Stories of Arda Home Page
About Us News Resources Login Become a member Help Search

The Tenth Walker  by Lindelea

Chapter 52. I lend a listening ear

...I am not bearing burdens, not this morrow, at any event, and not yestre morrow either. Two days have passed since the Big Man left me with his words to prepare, if I have not missed my count. Two days... I nod my head, I scuff at the ground with my forefoot. One. I nod. Two. Yes. The count is a right one. Two days.

Stop counting what ever it is you may be counting and go to sleep! Merrylegs whickers from his stall across the way.

It was but a little counting, I return, moving to the doorway to thrust out my head. The stables are dark and quiet, those of us remaining are resting, or asleep. I hear the grumble of a dwarf pony a little way down the row. They are waiting, it seems, for scouts to return with word that it is safe for them to bear their masters back to the Lonely Mountain, to prepare for what ever it is they must prepare for. I shudder. I do not wish to imagine what that might be, not after seeing the Wide World and the Wilderland as I have.

Much or little, lots or none at all, it is enough to keep me wakeful, the old pony complains. And you, young whipsnap that you are, you need your sleep as well, if I am any judge...

I have not told the old pony anything, but for certain he has eyes in his head, and knows how to use them. He has seen me resting, and grazing, and rolling, and not just as any pony lazing about might do, but with purpose as much as pleasure. Yet he does me the honour of not pressing me for an explanation.

Bless his old heart, may he rest here in this pleasant Valley for yet many a moon filling and emptying himself again. I know in my heart that I may not share such a fate. There is a journey ahead for me. The Big Man has said as much.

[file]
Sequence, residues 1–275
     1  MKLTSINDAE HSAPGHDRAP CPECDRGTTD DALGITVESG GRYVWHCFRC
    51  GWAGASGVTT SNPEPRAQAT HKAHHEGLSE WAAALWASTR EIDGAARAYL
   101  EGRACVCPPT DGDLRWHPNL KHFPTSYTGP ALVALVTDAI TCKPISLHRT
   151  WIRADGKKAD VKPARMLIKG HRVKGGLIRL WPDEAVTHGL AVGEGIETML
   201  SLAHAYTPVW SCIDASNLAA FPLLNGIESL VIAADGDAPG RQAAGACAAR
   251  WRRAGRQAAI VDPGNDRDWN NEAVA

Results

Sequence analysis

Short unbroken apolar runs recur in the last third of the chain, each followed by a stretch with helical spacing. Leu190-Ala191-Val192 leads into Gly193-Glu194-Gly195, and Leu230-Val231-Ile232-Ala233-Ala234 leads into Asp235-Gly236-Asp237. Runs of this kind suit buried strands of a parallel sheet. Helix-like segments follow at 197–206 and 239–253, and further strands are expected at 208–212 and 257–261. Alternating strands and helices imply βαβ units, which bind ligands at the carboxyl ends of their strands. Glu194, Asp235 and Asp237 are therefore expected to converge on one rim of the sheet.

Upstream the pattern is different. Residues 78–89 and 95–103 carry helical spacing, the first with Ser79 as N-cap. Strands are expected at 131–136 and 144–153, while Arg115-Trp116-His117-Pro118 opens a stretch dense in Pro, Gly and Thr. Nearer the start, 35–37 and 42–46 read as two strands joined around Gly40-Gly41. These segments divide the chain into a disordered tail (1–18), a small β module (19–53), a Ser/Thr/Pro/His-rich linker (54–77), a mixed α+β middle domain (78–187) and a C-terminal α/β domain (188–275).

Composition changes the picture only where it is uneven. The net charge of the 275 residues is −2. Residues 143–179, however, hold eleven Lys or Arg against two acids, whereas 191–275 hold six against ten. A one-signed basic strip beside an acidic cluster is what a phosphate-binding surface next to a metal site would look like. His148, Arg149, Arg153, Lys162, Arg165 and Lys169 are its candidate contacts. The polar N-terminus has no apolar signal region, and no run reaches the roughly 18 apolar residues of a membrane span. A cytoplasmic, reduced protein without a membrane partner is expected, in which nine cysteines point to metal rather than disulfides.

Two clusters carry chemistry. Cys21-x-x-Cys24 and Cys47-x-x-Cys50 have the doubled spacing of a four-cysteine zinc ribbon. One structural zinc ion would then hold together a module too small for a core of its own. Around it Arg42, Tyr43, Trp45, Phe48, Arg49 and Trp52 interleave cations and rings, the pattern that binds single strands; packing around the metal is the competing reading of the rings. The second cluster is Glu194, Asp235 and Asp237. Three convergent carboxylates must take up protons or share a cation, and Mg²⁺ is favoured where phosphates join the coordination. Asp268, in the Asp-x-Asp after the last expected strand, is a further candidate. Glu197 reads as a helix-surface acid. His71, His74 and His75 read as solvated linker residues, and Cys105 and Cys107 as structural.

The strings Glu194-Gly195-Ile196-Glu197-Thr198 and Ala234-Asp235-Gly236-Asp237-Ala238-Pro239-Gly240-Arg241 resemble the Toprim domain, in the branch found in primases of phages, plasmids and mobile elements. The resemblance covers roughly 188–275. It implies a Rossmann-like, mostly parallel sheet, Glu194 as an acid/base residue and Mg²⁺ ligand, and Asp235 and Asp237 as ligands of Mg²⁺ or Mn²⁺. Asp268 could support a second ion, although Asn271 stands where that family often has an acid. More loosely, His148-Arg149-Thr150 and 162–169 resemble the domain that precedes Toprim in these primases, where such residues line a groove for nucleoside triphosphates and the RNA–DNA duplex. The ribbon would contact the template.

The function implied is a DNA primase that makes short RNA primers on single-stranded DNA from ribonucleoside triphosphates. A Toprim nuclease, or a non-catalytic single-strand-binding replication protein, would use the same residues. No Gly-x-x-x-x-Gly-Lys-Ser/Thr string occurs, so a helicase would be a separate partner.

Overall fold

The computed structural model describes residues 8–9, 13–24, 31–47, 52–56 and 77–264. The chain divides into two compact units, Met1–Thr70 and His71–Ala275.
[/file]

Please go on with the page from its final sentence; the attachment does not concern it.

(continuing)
A part of me yearns for my old home. Will my journey lead me there? Was the purpose of all this simply to bring the Master here, and back again?

Steady on, I reply in my softest tone.

Are you at least finished with your counting?

I chuckle, a whisper of a snort, and shake my head. I am finished.

A silence. I think he has gone to sleep, when he says, The reckoning was two, in case you...

Yes, I say. I...

Will you stop your counting and conversing and let an honest pony find some rest and sleep! One of the dwarf ponies kicks the side of his stall in his impatience.

Two! Merrylegs insists, more softly.

Two, I agree in little more than a whisper, though he cannot of course know what was being counted. He is a stickler for exactitude, especially when it comes to things like carrots and measures of feed.

Very well then, he mutters, and I must stifle the desire to laugh. I settle for tossing my head in amusement, before becoming thoughtful again.

It is not long before I hear the heavy breathing that tells me the old pony sleeps at last.

I am drowsing myself when a soft footstep rouses me. Hobbits step very softly indeed, but a pony's ears are tuned to danger, especially a pony who has walked in the Wilderland as I have done.